DENVER (AP) — After a difficult-to-watch film session of their Monday night meltdown against Minnesota and an energetic practice Wednesday, Denver Nuggets coach Michael Malone gave his team a stinging reminder and made a request.

“Guys, we’re the reigning world champions,” Malone said. “Act like it and play like it.”

They did neither in their 108-80 Game 2 loss to the Timberwolves, who took a 2-0 lead in the best-of-7 Western Conference semifinal series back to Minneapolis.

On Tuesday, the NBA fined Nuggets point guard Jamal Murray $100,000 for tossing a towel and a heat pack onto the court “in the direction of a game official during live play” in the second quarter of Game 2.

Murray avoided a suspension and also dodged any punishment for making a money sign at an official earlier in the second quarter. A similar gesture by Timberwolves center Rudy Gobert in a regular season game in March drew a $100,000 fine from the league.

Murray, who has been flummoxed by a strained left calf, a lost shooting touch and a paucity of whistles going his way, left Ball Arena without speaking to reporters after Games 1 and 2.

He met with the media after practice Wednesday but didn’t have much to say about his actions that endangered players on both teams and Marc Davis’ officiating crew or the fine issued by the league.

“Nah, I mean it is what it is and I take everything in full responsibility, so on to the next,” Murray said when asked whether he had expected the fine and if he felt his punishment was appropriate.

Asked for an explanation of his actions, Murray said, “Yeah, on to the next. I mean, two days ago, not much for me to say about it right now.”

When asked about issuing an apology or taking responsibility, Murray cut off the line of questioning by asking, “Do you have any basketball questions?”

Murray acknowledged the Nuggets lost their collective composure Monday night when the Wolves hounded them into a 35% shooting performance even though their best defender, Rudy Gobert, who won the league’s Defensive Player of the Year Award on Tuesday, was back in Minneapolis for the birth of his son.

“We’ve just got to be ready to play and not get frustrated with how the game goes sometimes and we allowed it to take us out of our game,” Murray said. “So, we’ve just got to stay composed and find a way to stick together during the game and figure it out. No matter what the scoreboard says, we’ve got to be able to claw back.”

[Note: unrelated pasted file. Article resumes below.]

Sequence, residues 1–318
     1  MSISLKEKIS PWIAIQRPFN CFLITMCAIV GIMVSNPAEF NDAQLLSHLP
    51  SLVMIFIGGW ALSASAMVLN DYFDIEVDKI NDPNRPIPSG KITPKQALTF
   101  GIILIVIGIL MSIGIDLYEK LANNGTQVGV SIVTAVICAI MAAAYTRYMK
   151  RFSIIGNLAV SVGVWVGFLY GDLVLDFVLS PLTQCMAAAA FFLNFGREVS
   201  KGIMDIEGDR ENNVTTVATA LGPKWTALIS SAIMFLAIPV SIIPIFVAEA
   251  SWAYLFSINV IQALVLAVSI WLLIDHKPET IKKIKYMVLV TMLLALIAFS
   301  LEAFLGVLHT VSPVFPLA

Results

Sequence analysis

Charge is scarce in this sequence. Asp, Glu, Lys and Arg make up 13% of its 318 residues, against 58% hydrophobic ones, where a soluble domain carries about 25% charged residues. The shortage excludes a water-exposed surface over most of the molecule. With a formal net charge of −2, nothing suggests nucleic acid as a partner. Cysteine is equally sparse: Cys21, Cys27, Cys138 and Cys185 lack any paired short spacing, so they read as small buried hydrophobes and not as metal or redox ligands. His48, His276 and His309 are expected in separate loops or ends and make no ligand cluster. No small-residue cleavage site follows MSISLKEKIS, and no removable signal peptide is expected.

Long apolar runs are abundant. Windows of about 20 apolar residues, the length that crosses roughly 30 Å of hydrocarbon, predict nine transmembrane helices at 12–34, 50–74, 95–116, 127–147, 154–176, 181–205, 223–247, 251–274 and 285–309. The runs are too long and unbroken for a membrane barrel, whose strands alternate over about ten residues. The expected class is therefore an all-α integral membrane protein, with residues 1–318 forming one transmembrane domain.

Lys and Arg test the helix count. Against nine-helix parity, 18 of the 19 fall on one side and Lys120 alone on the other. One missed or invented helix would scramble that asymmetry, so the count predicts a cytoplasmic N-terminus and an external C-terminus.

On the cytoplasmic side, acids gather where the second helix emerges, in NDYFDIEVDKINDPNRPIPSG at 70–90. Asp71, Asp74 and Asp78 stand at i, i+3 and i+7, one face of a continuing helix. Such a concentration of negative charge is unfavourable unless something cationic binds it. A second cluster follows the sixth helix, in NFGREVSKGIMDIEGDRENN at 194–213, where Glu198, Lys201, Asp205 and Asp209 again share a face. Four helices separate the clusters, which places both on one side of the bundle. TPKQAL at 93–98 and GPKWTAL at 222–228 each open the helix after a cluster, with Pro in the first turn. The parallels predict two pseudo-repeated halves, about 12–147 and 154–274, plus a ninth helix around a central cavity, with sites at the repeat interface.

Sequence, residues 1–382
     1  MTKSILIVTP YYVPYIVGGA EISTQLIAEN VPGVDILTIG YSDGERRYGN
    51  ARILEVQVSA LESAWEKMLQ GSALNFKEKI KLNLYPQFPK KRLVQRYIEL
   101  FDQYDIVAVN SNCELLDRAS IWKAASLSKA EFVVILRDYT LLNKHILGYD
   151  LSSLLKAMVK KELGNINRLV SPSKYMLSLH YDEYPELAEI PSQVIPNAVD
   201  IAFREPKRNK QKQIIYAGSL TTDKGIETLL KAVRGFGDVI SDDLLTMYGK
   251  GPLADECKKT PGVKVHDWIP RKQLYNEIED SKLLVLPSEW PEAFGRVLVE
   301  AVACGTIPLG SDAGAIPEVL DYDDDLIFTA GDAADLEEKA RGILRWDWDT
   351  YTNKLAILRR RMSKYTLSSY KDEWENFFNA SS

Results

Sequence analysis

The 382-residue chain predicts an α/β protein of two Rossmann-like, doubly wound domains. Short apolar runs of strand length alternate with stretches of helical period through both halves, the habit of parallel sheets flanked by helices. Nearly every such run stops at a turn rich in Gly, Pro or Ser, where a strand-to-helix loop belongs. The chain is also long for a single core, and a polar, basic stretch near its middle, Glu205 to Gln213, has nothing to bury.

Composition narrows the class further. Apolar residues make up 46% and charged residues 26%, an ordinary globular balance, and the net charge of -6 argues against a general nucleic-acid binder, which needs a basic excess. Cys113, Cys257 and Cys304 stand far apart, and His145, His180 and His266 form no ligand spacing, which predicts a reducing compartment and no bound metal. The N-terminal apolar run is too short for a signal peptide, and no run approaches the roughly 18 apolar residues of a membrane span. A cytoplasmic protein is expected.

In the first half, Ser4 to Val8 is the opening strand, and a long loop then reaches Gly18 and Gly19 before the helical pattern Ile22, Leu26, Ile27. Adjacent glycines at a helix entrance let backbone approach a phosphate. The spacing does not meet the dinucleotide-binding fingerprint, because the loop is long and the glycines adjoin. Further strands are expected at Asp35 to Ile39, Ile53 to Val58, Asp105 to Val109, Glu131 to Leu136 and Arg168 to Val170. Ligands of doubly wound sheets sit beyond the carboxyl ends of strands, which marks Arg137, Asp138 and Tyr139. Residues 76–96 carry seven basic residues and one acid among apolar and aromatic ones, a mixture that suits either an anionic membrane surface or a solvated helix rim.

The towel Murray threw landed at the heels of Davis on the baseline but the heat pack skidded across the floor just as Karl-Anthony Towns was going for a lay-up.

Wolves coach Chris Finch called Murray’s actions “inexcusable and dangerous,” saying somebody easily could have gotten hurt.

“I’ve never seen that from Jamal. That was very uncharacteristic,” Malone said, attributing Murray losing his cool to “taking a charge and it’s not called, not making shots at the level we know he’s capable of making, being down 30 points to a team that we’re trying to beat to get to the Western Conference finals.

“So when you put it all in the boiling pot, that’s a lot to handle. And he didn’t handle it the way he knows he needs to handle it, and I’m sure he told you guys that.”

Coming off the first NBA championship in franchise history, the Nuggets have shown a fatigue in these playoffs that has plagued previous champions.

Unlike last year when they coasted at the end of the regular season with the top seed in the West already secured, the second-seeded Nuggets jockeyed with Minnesota and Oklahoma City until the final weekend of the season.

Murray missed 23 games this season with a variety of lower body injuries and the constant double teams that opponents threw at Nikola Jokic is evident in the scars on his upper arms.

It’s not just health but slow starts that have plagued the reigning champs ever since the playoffs began.

They’ve trailed by large margins in all seven of their postseason games. They bounced back against the Lakers to win in five, with Murray hitting a pair of game-winning buckets. But they’ve been bamboozled by Minnesota’s swarming defense, size advantage and deeper bench and now have to beat rising star Anthony Edwards four times in five tries to make it to the Western Conference finals.

Malone said he showed his team nine clips of Game 2 “that kind of encapsulated that game and why we lost. And our players owned it. And my greatest challenge to them and I don’t have an answer for whoever’s going to ask me do these guys believe? I don’t know. They all say they do but we will all find out collectively come Friday night.”